A team of Singapore-based scientists has uncovered the first glimmer of hope that the COVID-19 virus could be mutating into a less virulent strain after discovering key protein suspected to affect the virus’s transmission and severity has disappeared in some patients.
In an academic paper, still under peer review but provided to The Australian, the Duke National University of Singapore team reported the protein “deletion” discovered in eight Singapore patients between February 9 and March 2 was consistent with those found at the tail end of the 2003 SARS outbreak, and could signal a weakening of the disease.
Duke NUS team leader Wang Linfa, an Australian virologist who sequenced and named Australia’s bat-borne Hendra horse virus, said the discovery was significant because “it’s important for the world to know that, just like SARS and MERS, (COVID-19) can change”.
Among the first hallmarks of the novel coronavirus identified early by World Health Organisation scientists was that it was genetically more stable than its severe acute respiratory syndrome and Middle East respiratory syndrome predecessors.
Professor Wang told The Australian that the Singapore discovery “shows the virus can make major changes and we are only two months in”.
“Our first confirmed case in Singapore was January 22 and by February 9 we were already seeing a major genetic change.
“From now on, we can use this genetic marker to really furrow and answer the question people want to know — whether this new strain of virus is less transmissible or less severe, or both.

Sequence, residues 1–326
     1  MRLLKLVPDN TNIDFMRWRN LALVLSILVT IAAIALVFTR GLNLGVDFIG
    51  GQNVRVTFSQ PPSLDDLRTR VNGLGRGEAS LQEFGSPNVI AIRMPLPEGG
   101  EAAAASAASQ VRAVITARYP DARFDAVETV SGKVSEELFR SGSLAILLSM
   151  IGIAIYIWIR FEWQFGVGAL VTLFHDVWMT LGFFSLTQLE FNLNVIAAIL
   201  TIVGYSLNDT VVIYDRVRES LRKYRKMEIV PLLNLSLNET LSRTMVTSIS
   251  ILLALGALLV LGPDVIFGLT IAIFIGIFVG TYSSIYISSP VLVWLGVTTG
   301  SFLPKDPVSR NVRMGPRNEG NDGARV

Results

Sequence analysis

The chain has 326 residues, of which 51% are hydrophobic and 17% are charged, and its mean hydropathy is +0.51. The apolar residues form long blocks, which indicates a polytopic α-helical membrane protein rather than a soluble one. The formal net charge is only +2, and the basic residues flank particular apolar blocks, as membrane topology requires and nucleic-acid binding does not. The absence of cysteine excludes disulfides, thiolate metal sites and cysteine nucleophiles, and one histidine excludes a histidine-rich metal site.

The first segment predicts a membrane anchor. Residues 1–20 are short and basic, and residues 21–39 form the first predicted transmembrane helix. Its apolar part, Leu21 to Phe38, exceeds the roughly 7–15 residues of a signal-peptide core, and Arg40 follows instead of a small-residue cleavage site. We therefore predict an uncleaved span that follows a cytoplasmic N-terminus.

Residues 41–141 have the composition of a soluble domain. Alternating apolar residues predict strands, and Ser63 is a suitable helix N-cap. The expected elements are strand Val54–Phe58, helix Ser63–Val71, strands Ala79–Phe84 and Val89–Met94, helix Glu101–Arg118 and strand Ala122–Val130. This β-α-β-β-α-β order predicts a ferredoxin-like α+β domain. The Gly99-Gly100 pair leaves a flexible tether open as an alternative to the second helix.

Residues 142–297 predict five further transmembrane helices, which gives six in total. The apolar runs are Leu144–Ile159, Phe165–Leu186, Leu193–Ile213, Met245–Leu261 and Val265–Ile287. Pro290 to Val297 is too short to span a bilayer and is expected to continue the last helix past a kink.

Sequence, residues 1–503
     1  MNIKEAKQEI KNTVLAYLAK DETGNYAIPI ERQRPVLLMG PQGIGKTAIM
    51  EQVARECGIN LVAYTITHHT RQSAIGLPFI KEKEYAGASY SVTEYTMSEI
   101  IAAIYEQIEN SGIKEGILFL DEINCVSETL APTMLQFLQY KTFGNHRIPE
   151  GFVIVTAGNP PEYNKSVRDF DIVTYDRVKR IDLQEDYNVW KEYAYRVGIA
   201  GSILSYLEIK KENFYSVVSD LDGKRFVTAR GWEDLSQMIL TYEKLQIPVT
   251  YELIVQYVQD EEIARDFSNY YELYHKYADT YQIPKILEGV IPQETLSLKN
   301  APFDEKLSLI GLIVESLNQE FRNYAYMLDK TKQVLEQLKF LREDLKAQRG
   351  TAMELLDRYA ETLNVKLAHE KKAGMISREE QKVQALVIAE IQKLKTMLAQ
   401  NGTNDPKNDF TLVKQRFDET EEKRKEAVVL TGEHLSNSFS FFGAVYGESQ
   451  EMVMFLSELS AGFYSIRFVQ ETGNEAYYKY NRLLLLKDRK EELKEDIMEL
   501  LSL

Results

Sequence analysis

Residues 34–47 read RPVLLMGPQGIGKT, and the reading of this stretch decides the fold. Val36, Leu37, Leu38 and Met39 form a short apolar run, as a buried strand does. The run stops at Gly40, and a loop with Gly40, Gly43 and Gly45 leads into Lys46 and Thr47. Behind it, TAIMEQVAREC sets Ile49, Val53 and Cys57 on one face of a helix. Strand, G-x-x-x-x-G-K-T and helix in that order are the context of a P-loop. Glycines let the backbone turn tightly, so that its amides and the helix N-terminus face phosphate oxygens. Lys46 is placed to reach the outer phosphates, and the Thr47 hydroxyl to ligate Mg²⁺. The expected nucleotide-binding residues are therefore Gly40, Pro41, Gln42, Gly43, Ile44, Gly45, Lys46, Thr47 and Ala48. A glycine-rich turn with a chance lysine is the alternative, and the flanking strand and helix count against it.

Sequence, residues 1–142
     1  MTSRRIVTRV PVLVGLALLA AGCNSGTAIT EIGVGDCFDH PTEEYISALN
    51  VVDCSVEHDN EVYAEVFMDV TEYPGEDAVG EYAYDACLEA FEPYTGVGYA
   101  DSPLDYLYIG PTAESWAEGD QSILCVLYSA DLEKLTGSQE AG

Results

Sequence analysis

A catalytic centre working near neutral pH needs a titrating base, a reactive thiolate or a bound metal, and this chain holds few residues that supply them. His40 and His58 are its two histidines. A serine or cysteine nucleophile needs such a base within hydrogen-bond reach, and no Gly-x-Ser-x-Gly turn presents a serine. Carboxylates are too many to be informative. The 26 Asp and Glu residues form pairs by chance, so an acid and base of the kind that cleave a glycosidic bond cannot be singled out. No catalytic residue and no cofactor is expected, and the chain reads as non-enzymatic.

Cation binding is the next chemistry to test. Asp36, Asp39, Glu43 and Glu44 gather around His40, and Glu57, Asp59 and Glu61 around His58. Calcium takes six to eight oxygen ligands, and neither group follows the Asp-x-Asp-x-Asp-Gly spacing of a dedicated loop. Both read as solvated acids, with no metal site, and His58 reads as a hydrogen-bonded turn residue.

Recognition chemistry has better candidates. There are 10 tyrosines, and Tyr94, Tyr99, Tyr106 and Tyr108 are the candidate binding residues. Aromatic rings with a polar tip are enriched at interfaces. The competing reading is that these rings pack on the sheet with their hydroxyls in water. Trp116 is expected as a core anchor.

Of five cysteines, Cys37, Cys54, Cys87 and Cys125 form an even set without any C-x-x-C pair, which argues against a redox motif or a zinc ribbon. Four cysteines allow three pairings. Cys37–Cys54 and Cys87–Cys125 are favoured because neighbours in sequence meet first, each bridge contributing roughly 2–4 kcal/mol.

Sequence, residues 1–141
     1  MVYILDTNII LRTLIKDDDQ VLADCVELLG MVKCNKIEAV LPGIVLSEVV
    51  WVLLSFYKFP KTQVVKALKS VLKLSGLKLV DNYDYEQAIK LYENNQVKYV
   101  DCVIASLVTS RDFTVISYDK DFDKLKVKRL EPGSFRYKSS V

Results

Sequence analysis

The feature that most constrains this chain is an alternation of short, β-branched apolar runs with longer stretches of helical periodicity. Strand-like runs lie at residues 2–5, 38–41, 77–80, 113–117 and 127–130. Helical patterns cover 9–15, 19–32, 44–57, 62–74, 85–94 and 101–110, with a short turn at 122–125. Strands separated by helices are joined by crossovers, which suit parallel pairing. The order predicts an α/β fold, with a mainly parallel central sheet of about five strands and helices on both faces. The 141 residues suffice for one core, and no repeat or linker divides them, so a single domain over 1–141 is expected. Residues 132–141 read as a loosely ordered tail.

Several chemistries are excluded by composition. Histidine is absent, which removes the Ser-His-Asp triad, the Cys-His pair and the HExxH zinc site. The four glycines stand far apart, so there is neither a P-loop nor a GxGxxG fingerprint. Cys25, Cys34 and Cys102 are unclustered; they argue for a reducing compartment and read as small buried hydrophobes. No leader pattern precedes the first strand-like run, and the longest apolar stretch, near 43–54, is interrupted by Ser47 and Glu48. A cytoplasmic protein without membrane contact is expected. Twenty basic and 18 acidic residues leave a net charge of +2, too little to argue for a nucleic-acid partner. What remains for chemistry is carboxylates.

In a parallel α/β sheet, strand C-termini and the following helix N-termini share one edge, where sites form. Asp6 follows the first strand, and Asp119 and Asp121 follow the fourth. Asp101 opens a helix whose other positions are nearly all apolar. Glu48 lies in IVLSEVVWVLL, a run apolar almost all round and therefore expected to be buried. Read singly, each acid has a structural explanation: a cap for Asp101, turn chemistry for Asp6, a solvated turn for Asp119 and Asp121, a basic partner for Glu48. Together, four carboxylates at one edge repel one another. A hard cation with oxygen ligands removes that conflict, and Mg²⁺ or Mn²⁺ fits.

“We know the virus can survive without ORF8 but it may not be able to cause disease as easily.”
Scientists studying COVID-19 had already detected an early mutation of it into two distinct L and S strains as a result of changes to the ORF8 protein (Open Reading Frame).
Viruses are made up of proteins that serve different functions, and the specific function of the COVID-19’s ORF8 protein is not fully known.
In the eight Singapore patients, that whole protein disappeared, strengthening the hypotheses that ORF8 plays a significant role in the virus’s adaptation.
A study last year by German scientists who grew the SARS virus with and without the ORF8 in test tubes, found that without the ORF8 protein, the virus was less fit and grew more slowly.
Just 500 viruses from COVID-19 patients have been sequenced by scientists across the world, a fraction of the more than 150,000 people who have been infected with the disease since the outbreak began late last year in central China’s Hubei province, and the ORF8 deletion has so far been detected only in Singapore.
Professor Wang said he expected scientists studying the novel coronavirus would now be “zooming into the ORF8 region” in all future sequencing.
He also warned, however, that his team’s findings must still be proved through cell and animal studies, and any definitive conclusion on whether it could signal the weakening of the virus was still several months away.
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